UNIX Sixth Edition

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Unix V6
Logging into a V6 UNIX system
Type: Multi-tasking, multi-user
Creator: AT&T/Western Electric
Architecture: PDP-11
Previous Version: V5
This Version: V6
Next Version: V7
Date Released: May, 1975

UNIX Sixth Edition (often referred to as UNIX V6 or V6 UNIX - 'Unix' was still normally given in all capital letters at this point in time) was one of the most influential early versions of UNIX. It was the first version which was widely distributed outside Bell Labs, appearing as it did shortly after the influential CACM article on Unix, and it had an enormous impact.

It was also the base for many important branches of UNIX, including PWB/UNIX and the BSD Unix family (it was in fact the first version of Unix to have more than one descendant). It was also one of the more popular Research versions from Bell Labs, along with Unix Seventh Edition.

To many computer scientists encountering it for the first time in its era, it had the feel of a then mainframe operating system, but on a minicomputer; it felt totally unlike all the other minicomputer OS's at the time. Many also still consider it to have been the system with the highest ratio of power to size, ever.

As distributed from Bell Labs, it ran only on PDP-11s, although outside Bell Labs it was later ported to several other architectures (see below).

It was very similar to the earlier UNIX Fifth Edition; the main change was the support of so-called split I+D space, both in the kernel, and for user processes. It also supported the PDP-11/70 with more than 256 Kilobytes of main memory, and the resultant UNIBUS map.

UNIX V6 included even more documentation than V5, which included gems like Programming in C - A Tutorial.

Other Platforms

In addition to the PDP-11, which was the only machine the original Bell Laboratories distribution of V6 ran on, it was later ported to several other architectures.

Interdata 7/32 and 8/32

The first port of Unix to another architecture was performed outside of Bell Laboratories; V6 was ported to an Interdata 7/32 at the University of Wollongong. This was also the first port to a 32 bit platform, although Bell completed their own port to the very similar Interdata 8/32 shortly thereafter (that port later became Unix Seventh Edition).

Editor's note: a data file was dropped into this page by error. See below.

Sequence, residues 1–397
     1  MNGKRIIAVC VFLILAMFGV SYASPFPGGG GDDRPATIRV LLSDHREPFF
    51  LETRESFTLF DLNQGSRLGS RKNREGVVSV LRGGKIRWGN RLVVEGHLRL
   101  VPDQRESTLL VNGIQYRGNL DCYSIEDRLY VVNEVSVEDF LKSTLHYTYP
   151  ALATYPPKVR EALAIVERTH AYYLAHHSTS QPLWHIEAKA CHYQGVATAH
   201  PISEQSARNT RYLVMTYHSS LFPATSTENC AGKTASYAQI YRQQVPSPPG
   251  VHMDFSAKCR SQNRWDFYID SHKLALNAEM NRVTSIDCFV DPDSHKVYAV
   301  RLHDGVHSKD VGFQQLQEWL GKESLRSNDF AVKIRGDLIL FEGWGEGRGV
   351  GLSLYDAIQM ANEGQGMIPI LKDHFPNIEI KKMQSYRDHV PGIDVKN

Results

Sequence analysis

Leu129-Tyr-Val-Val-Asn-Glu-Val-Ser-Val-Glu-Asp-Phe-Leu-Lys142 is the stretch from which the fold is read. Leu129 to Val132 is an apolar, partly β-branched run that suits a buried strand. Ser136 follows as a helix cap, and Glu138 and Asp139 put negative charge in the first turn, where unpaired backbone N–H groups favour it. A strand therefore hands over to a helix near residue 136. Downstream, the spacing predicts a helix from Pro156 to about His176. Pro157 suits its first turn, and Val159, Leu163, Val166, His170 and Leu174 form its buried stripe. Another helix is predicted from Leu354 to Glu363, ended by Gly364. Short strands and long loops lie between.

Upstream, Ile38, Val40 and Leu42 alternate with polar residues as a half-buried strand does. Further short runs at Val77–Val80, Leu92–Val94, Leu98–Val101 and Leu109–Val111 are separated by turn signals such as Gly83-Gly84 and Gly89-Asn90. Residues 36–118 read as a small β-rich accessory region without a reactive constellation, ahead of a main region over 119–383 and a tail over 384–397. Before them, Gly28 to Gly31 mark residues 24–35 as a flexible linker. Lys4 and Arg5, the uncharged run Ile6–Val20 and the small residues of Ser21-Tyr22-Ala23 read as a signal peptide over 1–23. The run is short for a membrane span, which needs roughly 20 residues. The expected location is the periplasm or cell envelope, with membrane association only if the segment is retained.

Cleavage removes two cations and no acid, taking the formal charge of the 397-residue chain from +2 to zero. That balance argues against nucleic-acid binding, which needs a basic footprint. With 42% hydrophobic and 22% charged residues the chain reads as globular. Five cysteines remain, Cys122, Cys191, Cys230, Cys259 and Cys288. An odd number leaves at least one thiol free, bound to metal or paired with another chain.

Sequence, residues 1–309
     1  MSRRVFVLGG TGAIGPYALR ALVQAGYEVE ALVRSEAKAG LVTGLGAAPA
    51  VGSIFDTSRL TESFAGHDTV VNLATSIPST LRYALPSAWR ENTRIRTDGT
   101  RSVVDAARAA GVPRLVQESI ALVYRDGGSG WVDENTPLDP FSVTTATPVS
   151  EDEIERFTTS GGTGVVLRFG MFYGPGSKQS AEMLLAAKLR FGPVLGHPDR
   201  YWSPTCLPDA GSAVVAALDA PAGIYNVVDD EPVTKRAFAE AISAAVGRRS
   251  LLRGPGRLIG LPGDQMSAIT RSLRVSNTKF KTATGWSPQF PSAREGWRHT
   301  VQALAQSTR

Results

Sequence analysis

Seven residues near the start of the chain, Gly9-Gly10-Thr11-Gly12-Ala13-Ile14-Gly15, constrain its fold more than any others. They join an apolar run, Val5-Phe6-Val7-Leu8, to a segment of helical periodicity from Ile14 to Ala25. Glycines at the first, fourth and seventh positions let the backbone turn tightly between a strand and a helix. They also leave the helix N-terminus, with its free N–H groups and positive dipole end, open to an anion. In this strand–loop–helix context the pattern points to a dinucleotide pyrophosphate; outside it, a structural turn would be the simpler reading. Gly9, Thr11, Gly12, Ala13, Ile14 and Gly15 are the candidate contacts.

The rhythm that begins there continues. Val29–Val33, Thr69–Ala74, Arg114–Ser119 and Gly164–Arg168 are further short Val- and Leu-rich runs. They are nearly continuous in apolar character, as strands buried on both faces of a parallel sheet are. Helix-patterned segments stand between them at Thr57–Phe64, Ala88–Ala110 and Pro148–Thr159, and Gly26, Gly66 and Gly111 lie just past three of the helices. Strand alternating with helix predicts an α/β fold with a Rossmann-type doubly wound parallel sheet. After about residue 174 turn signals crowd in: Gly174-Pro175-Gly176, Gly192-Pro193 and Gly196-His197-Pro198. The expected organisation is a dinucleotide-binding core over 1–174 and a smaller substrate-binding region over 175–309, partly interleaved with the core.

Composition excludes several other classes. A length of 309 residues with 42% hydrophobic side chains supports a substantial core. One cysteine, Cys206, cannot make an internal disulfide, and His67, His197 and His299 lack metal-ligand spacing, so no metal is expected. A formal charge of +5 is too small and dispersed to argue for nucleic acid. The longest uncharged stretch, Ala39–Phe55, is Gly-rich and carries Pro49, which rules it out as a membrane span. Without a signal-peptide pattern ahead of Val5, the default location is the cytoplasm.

Intel 80286

There is a port by Szigeti Szabolcs to the Intel 80286 CPU, available in the Unix Archive under Other/V6on286. It requires a copy of MS-DOS to run.


There is a 32-bit re-write to the x86 cpu, an instructional operating system called 'xv6', used at MIT for an operating systems course.

Folk Lore

The Lions Book

V6 Unix is also famous because of the "Lions book". John Lions at the University of New South Wales wrote up an excellent dissection of the UNIX kernel, and taught it in his OS classes.

Unfortunately, the book ran into intellectual property issues with Bell, so its formal distribution was halted; however, it became the guide to UNIX internals as it was photo-copied over and over, in a Western equivalent to the samizdat of the old USSR.

Recently, with the open release of older versions of UNIX, the intellectual property issues were cleared, and the Lions book is now finally publicly available.


The game situation didn't improve that much from V5 to V6.


Running UNIX V6

To install and run UNIX V6, one needs a distribution (either an image of a distribution tape, or images of disks), and either an emulator, or an actual PDP-11 or Interdata.

V6 can be run on a real PDP-11/23, but it takes a few minor mods to do so.


There are two different distribution sets (as disk images) for V6 in the TUHS archive: 'Dennis_v6' and 'Ken_Wellsch_v6' (below). The contents page says:

  v6root.gz, v6src.gz and v6doc.gz are a set of three RK05 images of Sixth
  Edition with root, /usr and documentation, from Dennis Ritchie.

  v6.tape.gz is a copy of the Sixth Edition distribution tape which was sent
  in by Ken Wellsch.

It notes that there are differences between the two, but hadn't investigated what they are. Here are some details: the source files for the kernel are identical, except for sys/ken/main.c, which has the following added in the Wellsch version:

 printf("RESTRICTED RIGHTS\n\n");
 printf("Use, duplication or disclosure is subject to\n");
 printf("restrictions stated in Contract with Western\n");
 printf("Electric Company, Inc.\n");

(What clearly happened is that after they'd done some distribution, the AT+T lawyers made them add that.) Anyway, as a result, the binary system images 'rkunix', etc are slightly different between the two.

Everything else seems to be identical: everything in /bin, /etc, /lib, /usr/bin and /usr/lib are all identical.


One possibility for an emulator is to use SIMH; you can get V6 by looking for uv6swre.zip and iu6swre.zip, PDP-11 and Interdata versions respectively.

There is also a great lecture series involving SIMH and v6 which can be found here.


Another choice for an emulator is Ersatz-11; complete instructions for how to bring up V6 under Ersatz-11 are available, as well as instructions for how to make a more usable V6 under Ersatz-11: see the link below.

See also

External links